The Great Tree Canopy Comeback in Indiana

Fort Wayne

Originally published October 2014

In 2001 the community landscape report provided by the city of Fort Wayne, Indiana discussed the need to replace the tree canopy in several parks and public spaces. That year, the Friends of the Parks held the inaugural Great Tree Canopy Comeback event. The event literally brings new life to the tree canopies of Fort Wayne and Allen County. Holly Hunter, chair of the event spoke with Arborjet about the importance of saving and planting community trees:

Successful Partnerships

“We created a partnership with the local park systems and other organizations that have coupled with us. We take care of the fundraising for the trees and they select the variety. We all work together to determine which parks are in need of planting to determine our plan. The final stage is recruiting volunteers for planting. Over the years we have been successful in achieving the goals in the Cultural Landscape report, and have consistently responded to the need in this community after drought, storms, Emerald Ash Borer, and the natural life span of healthy trees.”

This Weekend’s Event

“This Saturday more than 270 trees will be planted throughout Allen County. We are anticipating nearly 300 volunteers planting trees throughout the eight parks. We can always use donations and we certainly need additional volunteers for the weekend.”

Ownership in the Community

“I got involved with the program because I am passionate about the parks and trees. We have families and groups that have been participating from the start and look forward to the event every year. It’s neat to see people take ownership of their parks and remember the trees they planted in previous years. We are teaching the community the proper way to plant a tree, which can be surprisingly tricky and potentially fatal to the tree if done incorrectly.”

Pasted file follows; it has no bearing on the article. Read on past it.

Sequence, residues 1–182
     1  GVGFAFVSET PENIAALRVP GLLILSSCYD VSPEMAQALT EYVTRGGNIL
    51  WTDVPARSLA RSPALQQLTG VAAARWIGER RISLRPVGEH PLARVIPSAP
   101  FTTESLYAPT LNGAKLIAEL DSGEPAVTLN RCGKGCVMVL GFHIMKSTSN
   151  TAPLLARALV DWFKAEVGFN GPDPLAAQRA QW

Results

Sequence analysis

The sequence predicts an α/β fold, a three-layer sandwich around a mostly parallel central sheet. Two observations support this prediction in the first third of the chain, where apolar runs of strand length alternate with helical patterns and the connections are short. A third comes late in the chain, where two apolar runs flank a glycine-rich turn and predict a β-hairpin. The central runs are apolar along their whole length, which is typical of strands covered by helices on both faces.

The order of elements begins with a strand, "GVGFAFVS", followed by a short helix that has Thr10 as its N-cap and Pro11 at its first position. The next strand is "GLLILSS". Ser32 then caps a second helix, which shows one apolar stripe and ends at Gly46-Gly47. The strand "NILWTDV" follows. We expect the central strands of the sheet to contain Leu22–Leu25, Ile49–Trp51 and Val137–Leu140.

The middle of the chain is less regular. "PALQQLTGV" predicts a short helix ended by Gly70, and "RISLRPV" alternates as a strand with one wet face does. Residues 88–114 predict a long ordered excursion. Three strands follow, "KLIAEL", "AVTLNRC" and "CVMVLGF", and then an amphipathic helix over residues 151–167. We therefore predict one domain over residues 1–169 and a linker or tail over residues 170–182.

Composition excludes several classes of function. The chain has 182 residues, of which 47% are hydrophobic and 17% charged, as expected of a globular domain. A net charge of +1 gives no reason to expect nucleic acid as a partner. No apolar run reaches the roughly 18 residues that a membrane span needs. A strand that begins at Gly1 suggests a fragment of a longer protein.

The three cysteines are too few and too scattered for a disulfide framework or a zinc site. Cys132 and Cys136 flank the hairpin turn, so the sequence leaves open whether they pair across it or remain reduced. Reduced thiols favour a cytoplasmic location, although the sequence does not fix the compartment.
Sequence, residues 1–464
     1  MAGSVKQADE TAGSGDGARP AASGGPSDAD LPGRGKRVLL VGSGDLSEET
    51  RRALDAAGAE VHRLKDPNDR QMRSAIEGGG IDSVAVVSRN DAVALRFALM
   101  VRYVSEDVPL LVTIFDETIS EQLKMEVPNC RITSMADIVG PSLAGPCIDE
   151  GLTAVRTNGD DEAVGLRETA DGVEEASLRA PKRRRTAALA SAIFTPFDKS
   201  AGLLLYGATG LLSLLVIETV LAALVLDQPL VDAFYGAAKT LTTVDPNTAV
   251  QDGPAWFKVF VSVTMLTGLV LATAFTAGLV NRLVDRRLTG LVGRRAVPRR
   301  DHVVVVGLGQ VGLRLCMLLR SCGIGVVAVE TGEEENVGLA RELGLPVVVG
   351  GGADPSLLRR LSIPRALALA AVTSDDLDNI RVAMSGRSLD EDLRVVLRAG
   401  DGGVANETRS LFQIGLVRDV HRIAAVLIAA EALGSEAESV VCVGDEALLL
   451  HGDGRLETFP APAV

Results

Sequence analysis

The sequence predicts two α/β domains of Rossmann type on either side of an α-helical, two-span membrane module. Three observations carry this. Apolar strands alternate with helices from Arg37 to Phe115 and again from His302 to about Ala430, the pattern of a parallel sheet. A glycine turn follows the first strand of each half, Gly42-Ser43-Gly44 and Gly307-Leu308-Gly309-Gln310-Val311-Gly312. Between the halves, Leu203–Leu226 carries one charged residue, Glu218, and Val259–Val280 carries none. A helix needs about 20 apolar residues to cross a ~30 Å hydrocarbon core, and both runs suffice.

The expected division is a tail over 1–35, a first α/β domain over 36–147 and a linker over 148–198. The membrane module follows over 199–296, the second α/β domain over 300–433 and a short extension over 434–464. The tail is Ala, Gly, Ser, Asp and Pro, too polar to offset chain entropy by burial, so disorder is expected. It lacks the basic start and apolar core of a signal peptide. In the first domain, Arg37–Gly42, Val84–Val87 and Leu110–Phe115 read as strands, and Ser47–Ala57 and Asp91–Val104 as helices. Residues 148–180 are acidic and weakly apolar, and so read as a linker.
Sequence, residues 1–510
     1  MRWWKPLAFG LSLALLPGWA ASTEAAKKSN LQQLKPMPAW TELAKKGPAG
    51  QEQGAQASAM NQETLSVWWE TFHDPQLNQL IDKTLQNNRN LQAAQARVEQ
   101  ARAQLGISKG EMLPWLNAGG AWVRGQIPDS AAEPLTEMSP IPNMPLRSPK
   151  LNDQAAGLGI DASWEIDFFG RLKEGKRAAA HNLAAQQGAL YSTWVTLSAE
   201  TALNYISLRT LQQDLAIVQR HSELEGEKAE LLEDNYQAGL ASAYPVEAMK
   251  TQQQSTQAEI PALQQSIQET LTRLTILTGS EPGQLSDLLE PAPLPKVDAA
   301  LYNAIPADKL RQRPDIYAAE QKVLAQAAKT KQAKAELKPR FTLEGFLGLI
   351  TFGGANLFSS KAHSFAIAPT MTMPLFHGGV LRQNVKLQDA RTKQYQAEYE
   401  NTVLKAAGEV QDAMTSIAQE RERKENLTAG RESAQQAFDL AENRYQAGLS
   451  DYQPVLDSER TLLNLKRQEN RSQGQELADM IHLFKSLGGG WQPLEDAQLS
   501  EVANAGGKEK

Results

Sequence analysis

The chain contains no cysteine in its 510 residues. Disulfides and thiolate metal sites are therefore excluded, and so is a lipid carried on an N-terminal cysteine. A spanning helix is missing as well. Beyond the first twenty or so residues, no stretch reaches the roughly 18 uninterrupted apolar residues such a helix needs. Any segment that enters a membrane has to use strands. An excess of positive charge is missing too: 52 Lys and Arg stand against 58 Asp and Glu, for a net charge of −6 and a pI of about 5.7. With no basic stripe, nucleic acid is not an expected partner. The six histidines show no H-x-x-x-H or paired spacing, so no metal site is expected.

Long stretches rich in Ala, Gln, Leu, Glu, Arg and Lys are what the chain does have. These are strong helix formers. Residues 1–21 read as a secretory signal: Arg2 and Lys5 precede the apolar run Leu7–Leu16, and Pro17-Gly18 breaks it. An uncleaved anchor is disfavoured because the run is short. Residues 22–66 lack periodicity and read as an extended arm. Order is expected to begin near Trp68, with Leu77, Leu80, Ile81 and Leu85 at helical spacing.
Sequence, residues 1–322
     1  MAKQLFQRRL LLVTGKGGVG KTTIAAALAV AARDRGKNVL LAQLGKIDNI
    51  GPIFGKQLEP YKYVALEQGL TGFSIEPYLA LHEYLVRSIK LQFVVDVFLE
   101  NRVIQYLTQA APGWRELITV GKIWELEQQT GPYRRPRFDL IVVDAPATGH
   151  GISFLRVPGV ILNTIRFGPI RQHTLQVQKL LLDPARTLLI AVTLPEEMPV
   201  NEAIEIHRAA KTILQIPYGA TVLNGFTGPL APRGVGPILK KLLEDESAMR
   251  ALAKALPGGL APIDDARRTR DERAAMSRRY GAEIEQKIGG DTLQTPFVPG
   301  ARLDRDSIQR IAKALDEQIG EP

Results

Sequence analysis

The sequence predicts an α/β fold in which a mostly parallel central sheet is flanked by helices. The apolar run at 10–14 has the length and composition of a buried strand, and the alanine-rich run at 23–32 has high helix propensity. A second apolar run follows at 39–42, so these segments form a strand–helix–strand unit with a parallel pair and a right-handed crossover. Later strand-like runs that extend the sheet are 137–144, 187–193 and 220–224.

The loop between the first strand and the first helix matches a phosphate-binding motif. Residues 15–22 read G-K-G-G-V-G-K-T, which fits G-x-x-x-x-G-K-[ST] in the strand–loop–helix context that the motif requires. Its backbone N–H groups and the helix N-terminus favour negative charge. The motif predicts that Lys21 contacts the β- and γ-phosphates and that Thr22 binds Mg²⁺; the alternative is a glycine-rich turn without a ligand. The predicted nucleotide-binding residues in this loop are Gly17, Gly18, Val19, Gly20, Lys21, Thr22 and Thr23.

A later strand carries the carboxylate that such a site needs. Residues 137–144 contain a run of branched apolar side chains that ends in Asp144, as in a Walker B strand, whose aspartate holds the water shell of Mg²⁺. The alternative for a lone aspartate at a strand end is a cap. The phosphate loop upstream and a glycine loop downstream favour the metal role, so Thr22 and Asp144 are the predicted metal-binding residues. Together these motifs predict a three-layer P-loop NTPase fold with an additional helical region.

The Arborjet Connection

“Arborjet’s TREE-äge product saved many mature trees in our community. Due to our large ash population the municipality was limited to injecting trees in specific areas where the town felt they were critical to the landscape. We are thrilled to be able to preserve the health of so many trees and protect them from EAB.”

Learn From Experience

People look at the park system when they are looking to move to an area. We have a great park system that is incredibly valuable to our community and we want to continue that. I hope that other communities suffering from EAB devastation will look to us and similar municipalities with successful management plans. We encourage everyone to identify and treat valuable trees before they are compromised and in need of replacement.”